Climate change threatens winged harbinger of spring

Climate change threatens winged harbinger of spring
Climate change threatens winged harbinger of spring

We show you our most important and recent visitors news details Climate change threatens winged harbinger of spring in the following article

Hind Al Soulia - Riyadh - GENEVA — A sure sign of spring in northern Europe is the arrival of the Arctic tern bird, but ahead of the UN’s World Migratory Bird Day experts fear the warming of the oceans in its nesting grounds in the northern Atlantic is threatening its very existence.

A globe-trotting adventurer

The Arctic tern is a great traveler, and spends most of the year on the move, with long periods over the ocean. Its breeding grounds cover both the northern and southern polar regions. In Europe, during the summer months, it can be found from Brittany in the south, to Iceland, Greenland, and Svalbard in the north.

Come autumn, the terns head south in the direction of Antarctica where they stay during the northern winter. However, they don’t fly directly from north to south, and an individual bird has been known to have covered almost 100,000 kilometers, or twice the circumference of the planet.

A big adventure

“When terns reach Antarctica, they stay close to the ice-brim, and move gradually eastward,” said Guðmundur A. Guðmundsson, animal ecologist at the Institute of Natural History in Iceland.

“Swedish and Dutch birds go all the way towards Australia, but the Icelandic and Greenland birds return earlier to the Weddell Sea in the Southern Arctic. From there they set off north in March and up to one and a half months later they reach their destination in our country.”

In the case of Iceland, the terns announce spring in the latter part of April, when they arrive to nest. When the chicks are ready to fledge in August they fly to the south, but not in a straight line, rather in an S-shape trajectory. One of their well-known stopovers is Cape Town in South Africa in November.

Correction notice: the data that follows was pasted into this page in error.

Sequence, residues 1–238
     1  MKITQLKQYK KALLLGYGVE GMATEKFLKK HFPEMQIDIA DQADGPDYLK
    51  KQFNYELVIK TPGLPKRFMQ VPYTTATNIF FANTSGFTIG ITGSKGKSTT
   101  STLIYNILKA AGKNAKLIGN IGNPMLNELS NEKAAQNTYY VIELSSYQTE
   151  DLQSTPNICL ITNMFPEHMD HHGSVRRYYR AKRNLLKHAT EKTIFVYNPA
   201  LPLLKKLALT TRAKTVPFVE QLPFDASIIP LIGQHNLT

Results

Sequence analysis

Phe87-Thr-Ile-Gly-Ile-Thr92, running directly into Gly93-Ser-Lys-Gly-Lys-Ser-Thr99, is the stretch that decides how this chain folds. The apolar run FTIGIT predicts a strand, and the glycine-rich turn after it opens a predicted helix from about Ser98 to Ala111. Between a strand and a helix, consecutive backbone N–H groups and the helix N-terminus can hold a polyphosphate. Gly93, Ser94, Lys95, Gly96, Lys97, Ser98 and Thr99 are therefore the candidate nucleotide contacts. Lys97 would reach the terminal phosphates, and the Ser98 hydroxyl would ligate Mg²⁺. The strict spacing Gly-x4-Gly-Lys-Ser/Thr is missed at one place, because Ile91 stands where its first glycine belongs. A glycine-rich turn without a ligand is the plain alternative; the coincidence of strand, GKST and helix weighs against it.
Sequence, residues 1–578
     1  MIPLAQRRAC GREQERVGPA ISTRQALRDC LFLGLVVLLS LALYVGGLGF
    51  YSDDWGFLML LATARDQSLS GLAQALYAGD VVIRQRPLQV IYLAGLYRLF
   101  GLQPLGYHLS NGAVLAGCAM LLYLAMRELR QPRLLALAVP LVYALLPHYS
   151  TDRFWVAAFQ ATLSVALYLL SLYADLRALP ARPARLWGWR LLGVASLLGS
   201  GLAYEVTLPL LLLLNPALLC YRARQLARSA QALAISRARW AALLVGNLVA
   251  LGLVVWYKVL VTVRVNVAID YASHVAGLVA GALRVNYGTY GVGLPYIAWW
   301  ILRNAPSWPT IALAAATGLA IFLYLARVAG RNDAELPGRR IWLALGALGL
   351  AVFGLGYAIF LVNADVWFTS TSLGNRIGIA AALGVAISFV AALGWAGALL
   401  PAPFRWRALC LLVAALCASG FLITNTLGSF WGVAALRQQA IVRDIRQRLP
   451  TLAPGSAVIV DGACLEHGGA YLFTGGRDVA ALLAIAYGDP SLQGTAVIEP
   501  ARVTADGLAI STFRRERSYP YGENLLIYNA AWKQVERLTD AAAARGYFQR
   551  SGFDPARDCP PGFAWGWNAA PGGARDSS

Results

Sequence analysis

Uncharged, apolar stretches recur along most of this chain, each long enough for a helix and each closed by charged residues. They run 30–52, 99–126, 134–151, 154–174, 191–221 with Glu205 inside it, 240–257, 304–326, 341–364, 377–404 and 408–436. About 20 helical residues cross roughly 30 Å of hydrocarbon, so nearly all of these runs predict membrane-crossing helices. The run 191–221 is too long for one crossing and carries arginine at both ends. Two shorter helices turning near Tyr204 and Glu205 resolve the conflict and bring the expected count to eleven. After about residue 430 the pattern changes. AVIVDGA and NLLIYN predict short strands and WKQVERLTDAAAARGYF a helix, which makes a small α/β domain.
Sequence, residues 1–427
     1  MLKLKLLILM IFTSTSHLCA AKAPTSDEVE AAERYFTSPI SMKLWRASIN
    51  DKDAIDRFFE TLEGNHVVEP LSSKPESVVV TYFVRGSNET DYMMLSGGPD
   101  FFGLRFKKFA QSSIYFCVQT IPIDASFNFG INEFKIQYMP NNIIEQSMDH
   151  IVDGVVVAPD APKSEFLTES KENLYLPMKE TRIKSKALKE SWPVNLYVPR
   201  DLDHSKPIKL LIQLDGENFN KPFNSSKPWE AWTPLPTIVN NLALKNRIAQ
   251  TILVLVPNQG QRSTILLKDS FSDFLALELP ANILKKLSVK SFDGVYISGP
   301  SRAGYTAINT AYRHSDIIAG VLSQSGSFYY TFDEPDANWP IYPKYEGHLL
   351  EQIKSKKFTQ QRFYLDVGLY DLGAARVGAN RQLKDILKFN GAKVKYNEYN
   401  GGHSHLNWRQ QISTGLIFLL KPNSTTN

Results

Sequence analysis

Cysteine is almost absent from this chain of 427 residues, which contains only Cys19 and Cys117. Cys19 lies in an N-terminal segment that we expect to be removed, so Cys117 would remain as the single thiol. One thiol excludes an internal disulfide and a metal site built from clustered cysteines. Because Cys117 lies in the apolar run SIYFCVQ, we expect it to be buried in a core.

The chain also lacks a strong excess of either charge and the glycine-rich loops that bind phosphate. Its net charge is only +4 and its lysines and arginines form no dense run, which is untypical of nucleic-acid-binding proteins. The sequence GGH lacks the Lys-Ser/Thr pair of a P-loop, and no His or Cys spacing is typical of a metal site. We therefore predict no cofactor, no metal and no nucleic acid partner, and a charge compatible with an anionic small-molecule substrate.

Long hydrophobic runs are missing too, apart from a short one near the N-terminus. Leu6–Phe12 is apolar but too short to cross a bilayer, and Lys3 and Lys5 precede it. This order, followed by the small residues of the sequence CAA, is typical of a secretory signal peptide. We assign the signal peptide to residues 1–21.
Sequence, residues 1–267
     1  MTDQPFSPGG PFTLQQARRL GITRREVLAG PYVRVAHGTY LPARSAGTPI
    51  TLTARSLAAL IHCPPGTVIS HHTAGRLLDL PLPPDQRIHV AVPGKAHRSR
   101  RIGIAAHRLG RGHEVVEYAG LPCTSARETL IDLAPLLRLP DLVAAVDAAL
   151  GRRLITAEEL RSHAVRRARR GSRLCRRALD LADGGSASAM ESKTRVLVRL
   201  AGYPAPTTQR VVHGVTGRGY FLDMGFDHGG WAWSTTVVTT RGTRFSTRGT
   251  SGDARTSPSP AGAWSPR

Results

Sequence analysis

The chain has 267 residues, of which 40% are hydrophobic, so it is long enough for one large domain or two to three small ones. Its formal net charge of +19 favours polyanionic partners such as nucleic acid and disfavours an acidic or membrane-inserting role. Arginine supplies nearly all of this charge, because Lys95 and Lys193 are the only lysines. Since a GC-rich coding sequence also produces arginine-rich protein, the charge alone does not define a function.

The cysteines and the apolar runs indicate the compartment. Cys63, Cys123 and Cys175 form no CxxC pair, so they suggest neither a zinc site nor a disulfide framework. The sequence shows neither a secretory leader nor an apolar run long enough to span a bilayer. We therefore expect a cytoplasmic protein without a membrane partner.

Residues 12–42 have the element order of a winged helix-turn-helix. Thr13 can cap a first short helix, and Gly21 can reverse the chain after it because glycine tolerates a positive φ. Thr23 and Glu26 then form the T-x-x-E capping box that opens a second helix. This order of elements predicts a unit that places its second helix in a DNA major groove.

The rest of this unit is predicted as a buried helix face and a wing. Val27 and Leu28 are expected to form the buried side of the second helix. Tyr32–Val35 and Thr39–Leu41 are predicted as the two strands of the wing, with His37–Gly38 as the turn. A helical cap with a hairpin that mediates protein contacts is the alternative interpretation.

En route to their nesting grounds in Iceland and Greenland they are known to have stopovers in Brazil and cross the Andes mountain range. “It is a big adventure,“ said Guðmundsson.

A front row seat at planetary crises

However, he is concerned by the decline in Iceland’s tern population — which currently stands at some 250,000 nesting couples — over the last few decades, with climate change the probable culprit.

Because of the warming ocean, algae are blooming earlier in the year, too early for young sand eels to feed. This means that stocks of sand eel, an important food source for migratory sea birds, have collapsed in the seas around Iceland.

Although the tern is not at risk of extinction in the short term, enough concern has been raised for the bird to be added to the be added to the International Union for Conservation of Nature’s (IUCN) Red List of threatened species.

Inger Andersen the Executive Director of the UN Environment Program (UNEP), says that migratory birds have “a front row seat to the triple planetary crisis of climate change, biodiversity loss and pollution.”

“Climate change is changing and disturbing the migratory patterns of birds,” adds Andersen. “The destruction of the natural world threatens these pollinators, critical for food security and well-being. And pollution, whether in waterbodies, land or air, is proving toxic for migratory birds”. — UN News


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